With presumably smaller dollar numbers on the line during the card in Aguascalientes, Cuban boxers put on a professional show with an amateur feel.
The fights were scheduled by weight class so smaller boxers like junior lightweight Lázaro Álvarez, a three-time Olympic bronze medalist, and welterweight Roniel Iglesias, a two-time Olympic champion, fought earlier in the evening. Bigger fighters like lightweight López and heavyweight La Cruz competed later, as they would on an international amateur card.
The Cubans also competed as a team, with La Cruz named captain. They wore matching red shorts, blank except for a small Cuban flag on one leg and a Puma logo on the other. Contemporary professional fighters at high profile events often sport trunks adorned with sponsor logos, an important source of ancillary revenue.
When Cuban fighters last competed professionally, no-frills ring attire was the norm.
Before Cuba retired from professional sport, boxing on the island had become intertwined with the mafia throughout the 1950s and was considered too dangerous after a few high-profile deaths due to long fights.
At the time, Che Guevara’s idea of the “new man”—a notion that moral incentives should increasingly replace material incentives as people changed their values—was in full swing.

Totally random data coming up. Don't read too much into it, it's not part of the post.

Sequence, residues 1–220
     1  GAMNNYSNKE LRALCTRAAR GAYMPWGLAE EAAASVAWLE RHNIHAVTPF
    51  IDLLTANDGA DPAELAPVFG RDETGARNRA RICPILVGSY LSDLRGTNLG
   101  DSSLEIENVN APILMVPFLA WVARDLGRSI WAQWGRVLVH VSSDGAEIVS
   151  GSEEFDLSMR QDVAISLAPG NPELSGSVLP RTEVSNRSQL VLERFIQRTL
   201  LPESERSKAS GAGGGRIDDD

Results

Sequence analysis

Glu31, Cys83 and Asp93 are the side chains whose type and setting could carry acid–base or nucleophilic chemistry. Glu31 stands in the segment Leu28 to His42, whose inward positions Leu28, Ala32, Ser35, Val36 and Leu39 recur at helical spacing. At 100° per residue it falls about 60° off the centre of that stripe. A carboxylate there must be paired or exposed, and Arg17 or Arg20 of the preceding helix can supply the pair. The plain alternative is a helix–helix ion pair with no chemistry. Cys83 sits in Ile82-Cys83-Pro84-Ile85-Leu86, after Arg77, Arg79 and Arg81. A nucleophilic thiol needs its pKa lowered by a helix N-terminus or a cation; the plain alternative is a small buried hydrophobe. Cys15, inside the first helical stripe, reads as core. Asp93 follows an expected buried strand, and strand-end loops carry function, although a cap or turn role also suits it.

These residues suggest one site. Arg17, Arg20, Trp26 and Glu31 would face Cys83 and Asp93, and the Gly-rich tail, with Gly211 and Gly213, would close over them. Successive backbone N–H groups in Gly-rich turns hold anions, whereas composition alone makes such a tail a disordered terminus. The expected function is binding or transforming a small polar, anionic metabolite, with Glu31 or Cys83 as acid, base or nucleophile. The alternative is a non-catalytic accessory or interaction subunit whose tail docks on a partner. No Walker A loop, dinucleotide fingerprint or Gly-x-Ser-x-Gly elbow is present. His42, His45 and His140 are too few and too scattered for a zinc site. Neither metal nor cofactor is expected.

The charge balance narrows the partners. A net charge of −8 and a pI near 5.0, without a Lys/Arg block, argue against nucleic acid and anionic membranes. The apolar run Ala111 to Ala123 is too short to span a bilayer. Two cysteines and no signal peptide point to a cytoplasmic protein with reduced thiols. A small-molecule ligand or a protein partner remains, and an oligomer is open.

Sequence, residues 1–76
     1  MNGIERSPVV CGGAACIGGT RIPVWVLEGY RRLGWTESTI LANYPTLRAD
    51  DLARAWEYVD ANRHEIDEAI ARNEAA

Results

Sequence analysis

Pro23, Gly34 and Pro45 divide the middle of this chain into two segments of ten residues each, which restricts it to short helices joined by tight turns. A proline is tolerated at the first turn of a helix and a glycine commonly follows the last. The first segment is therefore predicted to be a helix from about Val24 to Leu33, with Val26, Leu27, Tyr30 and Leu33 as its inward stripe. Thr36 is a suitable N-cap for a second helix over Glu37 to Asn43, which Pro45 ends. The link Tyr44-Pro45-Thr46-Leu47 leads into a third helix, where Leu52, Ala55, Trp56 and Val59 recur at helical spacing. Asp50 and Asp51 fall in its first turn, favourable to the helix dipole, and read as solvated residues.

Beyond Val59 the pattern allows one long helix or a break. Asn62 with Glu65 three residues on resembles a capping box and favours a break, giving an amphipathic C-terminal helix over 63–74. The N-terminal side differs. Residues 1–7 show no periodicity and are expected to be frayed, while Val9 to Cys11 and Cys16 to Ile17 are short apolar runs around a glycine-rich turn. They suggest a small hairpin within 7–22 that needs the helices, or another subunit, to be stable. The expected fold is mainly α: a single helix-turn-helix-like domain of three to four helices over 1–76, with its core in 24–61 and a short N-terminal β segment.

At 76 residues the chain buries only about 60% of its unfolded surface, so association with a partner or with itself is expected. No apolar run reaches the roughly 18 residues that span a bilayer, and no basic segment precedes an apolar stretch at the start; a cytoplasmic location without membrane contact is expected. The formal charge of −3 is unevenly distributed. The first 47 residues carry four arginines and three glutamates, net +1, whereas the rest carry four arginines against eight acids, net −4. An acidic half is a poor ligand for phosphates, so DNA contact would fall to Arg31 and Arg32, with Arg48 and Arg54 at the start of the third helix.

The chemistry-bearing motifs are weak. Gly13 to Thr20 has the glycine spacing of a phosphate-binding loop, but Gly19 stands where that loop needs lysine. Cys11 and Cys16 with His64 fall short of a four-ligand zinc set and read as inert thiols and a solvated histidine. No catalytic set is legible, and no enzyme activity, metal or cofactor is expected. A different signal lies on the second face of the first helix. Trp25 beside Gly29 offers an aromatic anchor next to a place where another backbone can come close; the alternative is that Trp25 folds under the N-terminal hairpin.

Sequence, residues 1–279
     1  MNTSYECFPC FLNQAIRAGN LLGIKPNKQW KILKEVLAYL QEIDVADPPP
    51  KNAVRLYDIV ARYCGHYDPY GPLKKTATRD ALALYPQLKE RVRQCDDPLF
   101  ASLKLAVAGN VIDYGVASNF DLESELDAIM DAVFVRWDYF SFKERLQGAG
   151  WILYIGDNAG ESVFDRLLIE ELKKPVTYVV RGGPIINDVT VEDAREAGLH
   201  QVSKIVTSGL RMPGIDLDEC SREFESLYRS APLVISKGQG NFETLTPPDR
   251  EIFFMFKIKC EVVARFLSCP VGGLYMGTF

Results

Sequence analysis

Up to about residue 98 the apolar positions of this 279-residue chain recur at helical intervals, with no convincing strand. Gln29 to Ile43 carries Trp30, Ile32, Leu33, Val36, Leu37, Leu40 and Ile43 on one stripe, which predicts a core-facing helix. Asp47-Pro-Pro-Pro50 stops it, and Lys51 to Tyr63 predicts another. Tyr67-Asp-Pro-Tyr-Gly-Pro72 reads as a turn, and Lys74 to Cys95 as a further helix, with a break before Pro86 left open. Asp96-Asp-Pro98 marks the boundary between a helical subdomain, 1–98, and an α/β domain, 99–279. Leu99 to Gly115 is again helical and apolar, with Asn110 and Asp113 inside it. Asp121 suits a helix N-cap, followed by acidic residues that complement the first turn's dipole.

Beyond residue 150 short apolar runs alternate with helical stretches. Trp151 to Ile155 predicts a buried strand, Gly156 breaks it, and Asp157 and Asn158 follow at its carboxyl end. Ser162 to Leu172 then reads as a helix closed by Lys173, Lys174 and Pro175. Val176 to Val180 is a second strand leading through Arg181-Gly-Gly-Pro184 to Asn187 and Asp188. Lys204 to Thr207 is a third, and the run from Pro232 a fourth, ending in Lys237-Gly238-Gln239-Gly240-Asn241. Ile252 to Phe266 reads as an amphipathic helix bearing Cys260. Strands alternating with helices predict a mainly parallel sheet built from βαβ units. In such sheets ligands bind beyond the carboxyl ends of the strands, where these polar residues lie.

The Communist Party of Cuba has long since reverted to more material incentives. During Raúl Castro’s time as president (2006-2018), “prosperity” was defined as a legitimate goal of socialism, and a “salary stimulation” law cemented athletes’ earnings based on results.
The national team’s base salary is only 3,500 Cuban pesos per month, the equivalent of one dollar per day. For each Olympic boxer brought home, he is paid the equivalent of $300 per month ($150 for a silver medal, $75 for a bronze medal) for life, as well as payments for Games victories Pan Americans and for each World Championship.
Although poor compared to successful boxers elsewhere, on an island where the average salary is less than $50 a month, Cuba’s top boxers now live comfortably – and have to win to do so.
During last month’s national series in Camagüey, there were even flashes of bling. La Cruz left the stadium wearing a gold chain and drove off in a new Mercedes, his reward for gold in Tokyo. It was small fry for a top professional fighter in the United States, but a status symbol in a country where only 1 in 70 people owned a car according to the country’s last census in 2012. other Olympic medalists, the only other vehicles in the arid parking lot were an ambulance and a rusty bus that ferried the rest of the team to their hotel.
“They widened the scope of the salary scale so that very talented people were paid more, in part because they didn’t want to lose people,” said William LeoGrande, a professor of government at American University. “If some people are making $35 a month and some people are driving fancy cars, that’s a very big pay gap and a bit hard to justify in terms of socialist value culture,” he said. added.
Athletes interviewed by The New York Times seemed happy with the new arrangement, saying they hoped the deal would stem a wave of defections that has increased their sport in recent years. After they left, fighters like Guillermo Rigondeaux, Erislandy Lara, Luis Ortiz and Yuriorkis Gamboa all signed and won big with American promoters.